The answer to that is nothing. I have a comfortable life, if not an extravagant one. And I'm thankful for that.

Friday, January 8, 2010

Milestones via paperwork

This week brought two paperwork milestones, if you want to call them that. Monday I picked up a registration from from D's preschool, but not for D... It was for my second son, G. He'll be three in May and due to start preschool in the fall. The second was for my big boy - a flyer came home from school today with information about kindergarten.

Although September isn't exactly right around the corner, my perception of time being what it is, we're going to be celebrating a 1st birthday and sending two kids off to school before I know it. I know these things are approaching, but getting paperwork for both really hit home. It doesn't seem that long ago that I was filling out the same preschool registration form for D - visiting the school, talking to the teachers, deciding if it was the right place for him. Now I'm about to register G for the fall - and that just seems crazy.

I worry a lot less about D's transition to kindy than I do G entering school for the first time. D is already excited about kindergarten, since he'll be going to the same school as our best friends' kids. Plus, this is "big boy school". He's ready. He's going to do great.

G, on the other hand, scares me. He is very high energy, and let's just be honest - very difficult. He's sweet and funny and it isn't that he's a bad kid. But he's a huge handful and it is almost impossible to imagine him functioning in a classroom environment. Obviously he has some time, and 8 months in kid time is an eternity. He has time to mature, to learn some things about taking turns, raising your hand and not pummeling into the other kids and tackling them to the ground like he does with his brother... And to potty train. Oh lordy, potty training. He has to be fully trained by September, or our $75 registration fee will have been wasted. If he hasn't trained by summer, we're going to have a lot of naked-running-around-in-the-yard time around here and hope like heck he can at least stay dry for the 2 1/2 hours he's in school.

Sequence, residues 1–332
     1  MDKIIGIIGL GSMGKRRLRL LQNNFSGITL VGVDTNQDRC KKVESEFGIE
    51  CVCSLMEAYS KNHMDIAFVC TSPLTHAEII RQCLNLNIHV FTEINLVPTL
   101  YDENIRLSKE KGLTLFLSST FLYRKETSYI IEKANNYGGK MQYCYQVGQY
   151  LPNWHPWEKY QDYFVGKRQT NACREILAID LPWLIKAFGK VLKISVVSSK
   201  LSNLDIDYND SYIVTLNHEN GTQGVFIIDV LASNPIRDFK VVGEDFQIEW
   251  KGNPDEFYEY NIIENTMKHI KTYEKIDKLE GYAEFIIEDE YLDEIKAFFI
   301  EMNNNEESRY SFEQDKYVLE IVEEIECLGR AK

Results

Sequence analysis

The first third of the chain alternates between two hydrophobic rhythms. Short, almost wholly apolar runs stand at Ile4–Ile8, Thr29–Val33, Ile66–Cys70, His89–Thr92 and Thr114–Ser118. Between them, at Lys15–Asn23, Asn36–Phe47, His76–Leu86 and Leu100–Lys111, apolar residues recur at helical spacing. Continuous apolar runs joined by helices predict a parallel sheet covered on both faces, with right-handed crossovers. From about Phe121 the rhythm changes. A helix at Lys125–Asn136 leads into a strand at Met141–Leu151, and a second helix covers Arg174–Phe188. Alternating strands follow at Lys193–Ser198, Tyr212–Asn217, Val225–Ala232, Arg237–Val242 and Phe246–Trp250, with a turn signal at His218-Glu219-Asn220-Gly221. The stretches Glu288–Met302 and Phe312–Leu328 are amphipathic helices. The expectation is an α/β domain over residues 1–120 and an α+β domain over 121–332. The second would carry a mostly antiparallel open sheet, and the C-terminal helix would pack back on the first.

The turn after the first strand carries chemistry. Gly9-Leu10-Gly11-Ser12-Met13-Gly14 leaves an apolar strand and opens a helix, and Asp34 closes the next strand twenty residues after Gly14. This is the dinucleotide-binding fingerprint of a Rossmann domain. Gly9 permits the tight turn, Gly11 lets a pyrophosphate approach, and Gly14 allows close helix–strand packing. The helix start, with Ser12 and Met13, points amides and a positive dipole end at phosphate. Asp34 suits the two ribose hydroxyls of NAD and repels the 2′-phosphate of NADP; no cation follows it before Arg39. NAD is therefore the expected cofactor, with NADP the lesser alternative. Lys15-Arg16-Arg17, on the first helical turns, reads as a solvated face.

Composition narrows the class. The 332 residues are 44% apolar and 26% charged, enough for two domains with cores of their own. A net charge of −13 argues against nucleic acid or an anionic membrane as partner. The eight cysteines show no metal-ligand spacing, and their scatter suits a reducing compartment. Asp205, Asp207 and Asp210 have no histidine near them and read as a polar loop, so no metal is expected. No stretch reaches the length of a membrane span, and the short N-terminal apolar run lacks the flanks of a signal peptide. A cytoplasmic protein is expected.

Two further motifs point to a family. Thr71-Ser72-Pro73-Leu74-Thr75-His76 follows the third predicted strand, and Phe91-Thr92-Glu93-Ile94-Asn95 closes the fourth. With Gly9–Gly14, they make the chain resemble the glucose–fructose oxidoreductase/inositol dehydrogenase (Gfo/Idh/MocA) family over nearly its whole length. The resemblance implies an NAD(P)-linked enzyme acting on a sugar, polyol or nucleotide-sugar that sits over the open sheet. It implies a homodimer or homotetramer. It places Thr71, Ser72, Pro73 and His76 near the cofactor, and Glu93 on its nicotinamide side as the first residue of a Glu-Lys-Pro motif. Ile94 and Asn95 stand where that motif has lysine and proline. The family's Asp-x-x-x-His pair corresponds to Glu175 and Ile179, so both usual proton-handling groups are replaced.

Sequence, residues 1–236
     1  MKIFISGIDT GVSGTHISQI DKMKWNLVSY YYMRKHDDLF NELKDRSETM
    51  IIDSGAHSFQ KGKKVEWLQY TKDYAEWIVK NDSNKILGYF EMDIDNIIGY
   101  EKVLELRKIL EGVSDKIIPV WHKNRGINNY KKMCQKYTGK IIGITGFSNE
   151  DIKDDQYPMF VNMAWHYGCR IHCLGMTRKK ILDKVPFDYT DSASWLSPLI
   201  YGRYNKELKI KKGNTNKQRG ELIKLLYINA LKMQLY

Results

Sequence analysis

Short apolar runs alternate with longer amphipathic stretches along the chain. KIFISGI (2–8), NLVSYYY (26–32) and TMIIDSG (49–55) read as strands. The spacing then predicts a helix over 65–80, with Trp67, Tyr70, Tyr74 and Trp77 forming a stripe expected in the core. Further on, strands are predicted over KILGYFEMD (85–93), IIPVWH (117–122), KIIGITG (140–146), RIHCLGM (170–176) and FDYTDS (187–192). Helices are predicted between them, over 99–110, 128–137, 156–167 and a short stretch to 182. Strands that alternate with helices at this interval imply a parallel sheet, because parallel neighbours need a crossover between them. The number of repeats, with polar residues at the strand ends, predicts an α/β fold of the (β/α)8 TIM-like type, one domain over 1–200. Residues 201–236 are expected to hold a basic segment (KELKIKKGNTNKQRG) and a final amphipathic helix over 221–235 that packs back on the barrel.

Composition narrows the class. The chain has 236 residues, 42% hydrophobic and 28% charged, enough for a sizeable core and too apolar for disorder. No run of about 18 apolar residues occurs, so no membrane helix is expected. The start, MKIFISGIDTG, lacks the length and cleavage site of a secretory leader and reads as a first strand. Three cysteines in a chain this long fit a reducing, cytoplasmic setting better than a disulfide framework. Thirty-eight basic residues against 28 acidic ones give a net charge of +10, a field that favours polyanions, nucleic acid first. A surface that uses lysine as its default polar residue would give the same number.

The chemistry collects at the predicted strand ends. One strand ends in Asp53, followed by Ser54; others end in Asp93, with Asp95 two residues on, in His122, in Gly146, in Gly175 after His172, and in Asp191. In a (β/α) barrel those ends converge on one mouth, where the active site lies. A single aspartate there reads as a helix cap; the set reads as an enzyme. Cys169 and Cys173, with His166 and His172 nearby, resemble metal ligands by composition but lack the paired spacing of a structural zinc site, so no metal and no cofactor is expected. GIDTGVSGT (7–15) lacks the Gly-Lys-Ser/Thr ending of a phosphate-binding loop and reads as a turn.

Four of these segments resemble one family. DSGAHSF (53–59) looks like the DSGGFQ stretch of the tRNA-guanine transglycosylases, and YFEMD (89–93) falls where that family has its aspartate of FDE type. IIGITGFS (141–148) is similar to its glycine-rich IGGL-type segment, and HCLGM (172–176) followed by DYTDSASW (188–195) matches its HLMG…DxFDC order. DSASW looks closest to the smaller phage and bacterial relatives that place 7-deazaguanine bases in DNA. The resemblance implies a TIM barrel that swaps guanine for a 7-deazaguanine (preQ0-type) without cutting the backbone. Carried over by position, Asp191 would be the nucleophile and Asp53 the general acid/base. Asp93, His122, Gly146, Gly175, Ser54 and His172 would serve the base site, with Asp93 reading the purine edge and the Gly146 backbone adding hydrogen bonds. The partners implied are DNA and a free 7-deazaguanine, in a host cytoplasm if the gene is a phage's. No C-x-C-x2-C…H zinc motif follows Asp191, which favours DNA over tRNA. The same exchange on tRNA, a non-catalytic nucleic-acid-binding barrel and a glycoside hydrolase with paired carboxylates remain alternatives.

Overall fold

Quite honestly, if preschool doesn't work out next school year, it will be fine. With a May birthday, he'll be young for the class and if it's a total disaster we can just pull him out and try again in a year. Depending on his readiness, we can always wait until he's 6 to start kindy, and although that would make him quite a bit older than many of his classmates, if that's what he needs, that's what we'll do - my husband's dreams of he and his brother playing on the same high school football team aside. My hope, however, is that he'll surprise us and do great in school next year. He'll probably be the kid who doesn't like to sit still and needs a lot of reminders to stay on task and not throw things and to keep his hands to himself. But the teachers are so great, and they've been doing this a long time. They've probably seen just about everything and they'll be able to either handle him, or let us know that he's not ready. Time will just have to tell on this one.

In the meantime, I'm once again faced with the reality that my kids are growing up so fast. It makes having a baby in the house again that much more enjoyable, despite my desire for a night's unbroken rest. Just think, come September I'll have two mornings a week with just one kid! Now that is a stark contrast to the way this school year began - me toting around a brand new baby, a crazy toddler and an almost 5 year old. Although I don't want to wish time away, there is a certain appeal to that thought. It's funny how when you have mutliple kids, a "break" is defined as anytime you don't have all of them with you on your own.